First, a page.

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Distinguishing the Different Types of Occupational Licensing and Regulation

Posted by Chance on August 26, 2006

A pure, completely laissez-faire libertarian will probably say there is no type of occupational licensing needed; that the free market will regulate quality of product in every sense.

I don’t know how I feel about that statement, but I think at the very least, we can sort occupational licensing into, say, three different categories: environmental, health and safety, and economic reasons (or the public good).

Environmental: I think regulations that protect the environment are reasonable. For instance, one wants to make sure that a business does not do unreasonable harm to the environment, or, if it does, that they pay some type of tax to remedy harm caused.

Health and Safety: Things in this category involve for instance, regulation of construction materials to ensure that they are safe, fire inspections, health inspections, to name a few.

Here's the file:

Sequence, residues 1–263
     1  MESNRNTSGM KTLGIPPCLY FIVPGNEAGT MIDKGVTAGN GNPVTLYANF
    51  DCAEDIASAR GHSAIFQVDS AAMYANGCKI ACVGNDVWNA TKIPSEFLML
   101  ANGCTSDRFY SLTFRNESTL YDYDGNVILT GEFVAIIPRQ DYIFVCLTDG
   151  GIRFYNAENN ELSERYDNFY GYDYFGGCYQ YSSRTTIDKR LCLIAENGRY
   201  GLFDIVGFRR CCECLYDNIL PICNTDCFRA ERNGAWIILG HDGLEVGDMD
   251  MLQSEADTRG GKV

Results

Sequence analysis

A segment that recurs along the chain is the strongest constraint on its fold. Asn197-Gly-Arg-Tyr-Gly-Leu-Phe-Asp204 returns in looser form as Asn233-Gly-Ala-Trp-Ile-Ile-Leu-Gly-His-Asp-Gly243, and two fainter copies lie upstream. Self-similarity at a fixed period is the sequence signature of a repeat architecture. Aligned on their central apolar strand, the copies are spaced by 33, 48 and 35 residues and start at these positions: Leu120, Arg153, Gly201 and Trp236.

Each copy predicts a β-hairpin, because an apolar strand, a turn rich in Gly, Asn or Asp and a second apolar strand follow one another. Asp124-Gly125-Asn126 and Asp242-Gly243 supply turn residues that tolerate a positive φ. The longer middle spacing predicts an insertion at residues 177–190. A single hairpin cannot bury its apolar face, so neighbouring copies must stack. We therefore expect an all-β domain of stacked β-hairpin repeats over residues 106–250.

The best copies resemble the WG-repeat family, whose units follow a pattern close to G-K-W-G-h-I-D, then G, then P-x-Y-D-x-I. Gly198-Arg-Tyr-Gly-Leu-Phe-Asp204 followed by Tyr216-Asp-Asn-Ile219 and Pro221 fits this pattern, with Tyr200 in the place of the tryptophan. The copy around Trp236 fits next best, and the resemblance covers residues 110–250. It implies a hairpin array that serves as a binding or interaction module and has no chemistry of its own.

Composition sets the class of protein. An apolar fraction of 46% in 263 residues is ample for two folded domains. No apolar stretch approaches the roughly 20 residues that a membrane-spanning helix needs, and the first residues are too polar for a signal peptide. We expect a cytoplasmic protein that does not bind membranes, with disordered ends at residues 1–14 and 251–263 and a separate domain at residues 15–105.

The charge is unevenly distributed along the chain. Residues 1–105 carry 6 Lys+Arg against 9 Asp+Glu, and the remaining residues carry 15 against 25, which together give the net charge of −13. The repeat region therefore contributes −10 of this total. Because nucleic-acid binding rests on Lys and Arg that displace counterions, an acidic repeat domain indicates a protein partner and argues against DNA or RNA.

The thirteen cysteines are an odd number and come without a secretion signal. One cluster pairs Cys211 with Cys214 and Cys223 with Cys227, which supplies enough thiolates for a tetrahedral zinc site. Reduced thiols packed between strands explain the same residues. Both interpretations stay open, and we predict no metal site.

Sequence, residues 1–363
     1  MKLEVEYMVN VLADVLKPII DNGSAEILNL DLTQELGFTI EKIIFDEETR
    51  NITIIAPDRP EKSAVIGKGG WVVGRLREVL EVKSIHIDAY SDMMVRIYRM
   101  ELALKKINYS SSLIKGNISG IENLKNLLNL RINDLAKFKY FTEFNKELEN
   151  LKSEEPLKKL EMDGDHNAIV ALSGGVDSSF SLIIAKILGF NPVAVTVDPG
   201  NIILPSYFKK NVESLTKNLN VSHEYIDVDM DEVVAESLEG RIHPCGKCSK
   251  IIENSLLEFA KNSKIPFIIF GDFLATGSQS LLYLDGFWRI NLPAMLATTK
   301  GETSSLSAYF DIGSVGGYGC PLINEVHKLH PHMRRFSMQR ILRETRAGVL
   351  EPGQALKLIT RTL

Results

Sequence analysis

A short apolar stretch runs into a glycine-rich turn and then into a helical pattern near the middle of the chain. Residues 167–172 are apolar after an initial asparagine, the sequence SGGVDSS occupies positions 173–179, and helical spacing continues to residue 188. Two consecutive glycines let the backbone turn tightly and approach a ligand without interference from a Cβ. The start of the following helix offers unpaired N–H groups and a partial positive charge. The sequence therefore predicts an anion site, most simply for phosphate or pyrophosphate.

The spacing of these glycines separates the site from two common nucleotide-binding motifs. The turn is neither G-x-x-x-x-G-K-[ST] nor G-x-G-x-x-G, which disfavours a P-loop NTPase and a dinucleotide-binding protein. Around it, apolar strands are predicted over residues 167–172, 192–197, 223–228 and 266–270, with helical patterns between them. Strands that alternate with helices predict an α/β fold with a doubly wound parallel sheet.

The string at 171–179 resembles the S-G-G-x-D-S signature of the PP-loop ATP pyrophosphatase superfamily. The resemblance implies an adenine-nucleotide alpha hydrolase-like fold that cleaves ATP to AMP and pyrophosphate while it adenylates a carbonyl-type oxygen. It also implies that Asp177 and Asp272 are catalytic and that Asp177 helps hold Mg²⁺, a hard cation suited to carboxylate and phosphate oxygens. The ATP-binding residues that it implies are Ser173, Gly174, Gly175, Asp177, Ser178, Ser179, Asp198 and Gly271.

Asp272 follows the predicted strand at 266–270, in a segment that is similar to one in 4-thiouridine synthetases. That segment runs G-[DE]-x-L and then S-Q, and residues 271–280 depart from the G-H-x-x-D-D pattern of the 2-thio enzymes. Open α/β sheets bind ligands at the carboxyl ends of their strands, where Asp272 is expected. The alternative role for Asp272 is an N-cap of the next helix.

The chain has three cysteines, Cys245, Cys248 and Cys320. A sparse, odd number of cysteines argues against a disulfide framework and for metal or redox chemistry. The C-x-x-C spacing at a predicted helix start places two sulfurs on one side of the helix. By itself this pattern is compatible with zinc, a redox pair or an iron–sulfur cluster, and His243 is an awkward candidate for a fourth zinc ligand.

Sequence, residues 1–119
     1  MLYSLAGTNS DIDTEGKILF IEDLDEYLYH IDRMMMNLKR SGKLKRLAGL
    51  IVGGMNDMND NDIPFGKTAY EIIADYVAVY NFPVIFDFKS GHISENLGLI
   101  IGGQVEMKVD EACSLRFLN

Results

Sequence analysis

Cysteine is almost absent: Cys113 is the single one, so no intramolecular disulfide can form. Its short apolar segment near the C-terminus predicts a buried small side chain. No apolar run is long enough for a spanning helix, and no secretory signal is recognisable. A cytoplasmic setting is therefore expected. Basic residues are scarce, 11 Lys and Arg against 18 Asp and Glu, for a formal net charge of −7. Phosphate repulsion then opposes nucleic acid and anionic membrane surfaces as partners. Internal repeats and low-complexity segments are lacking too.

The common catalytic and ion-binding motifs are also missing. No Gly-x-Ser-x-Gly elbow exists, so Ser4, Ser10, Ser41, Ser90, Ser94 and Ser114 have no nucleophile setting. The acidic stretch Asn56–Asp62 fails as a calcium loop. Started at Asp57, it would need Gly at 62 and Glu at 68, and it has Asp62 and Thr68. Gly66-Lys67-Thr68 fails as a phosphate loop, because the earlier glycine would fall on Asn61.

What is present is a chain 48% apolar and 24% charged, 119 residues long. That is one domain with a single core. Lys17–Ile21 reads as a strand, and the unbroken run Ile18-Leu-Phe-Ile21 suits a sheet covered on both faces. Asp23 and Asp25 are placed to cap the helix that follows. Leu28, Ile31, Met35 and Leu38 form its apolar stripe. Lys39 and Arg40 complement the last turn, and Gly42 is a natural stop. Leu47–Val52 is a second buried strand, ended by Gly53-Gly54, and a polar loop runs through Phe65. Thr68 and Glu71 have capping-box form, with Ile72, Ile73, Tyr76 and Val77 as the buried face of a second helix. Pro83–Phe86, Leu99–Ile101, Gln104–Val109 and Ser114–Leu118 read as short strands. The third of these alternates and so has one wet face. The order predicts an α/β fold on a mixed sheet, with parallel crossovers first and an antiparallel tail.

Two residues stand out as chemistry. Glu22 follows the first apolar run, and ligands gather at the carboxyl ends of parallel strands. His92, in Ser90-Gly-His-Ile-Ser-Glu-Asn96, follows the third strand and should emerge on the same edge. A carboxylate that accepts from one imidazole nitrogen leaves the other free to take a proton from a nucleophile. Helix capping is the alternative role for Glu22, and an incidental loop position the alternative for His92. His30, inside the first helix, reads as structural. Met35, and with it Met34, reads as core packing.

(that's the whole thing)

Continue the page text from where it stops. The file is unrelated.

Economic reasons: An example situation in one in which a person must demonstrate to the city council that their business will be profitable, or “needed.” It also involves limiting the numbers of competitors in a certain area.

There are also moral reasons, I should add, such as outlawing prostitution and the drug trade.

An article at the Institute of Justice gives an example that highlights the differences between “health and safety” regulation vs. “the public good” regulations.

Erroll Tyler, an African-American entrepreneur from Melrose, Mass., who is battling for economic liberty, seeks to show that you can fight City Hall.

After two years and two applications, Tyler still does not have the license he needs to start his amphibious vehicle tour service because City officials from Cambridge, Mass., decided that the City does not “need” him. In a sharp break from the American tradition of fair play, Cambridge is using the power of government simply to protect other tour operators from honest competition, hardly a proper use of government power.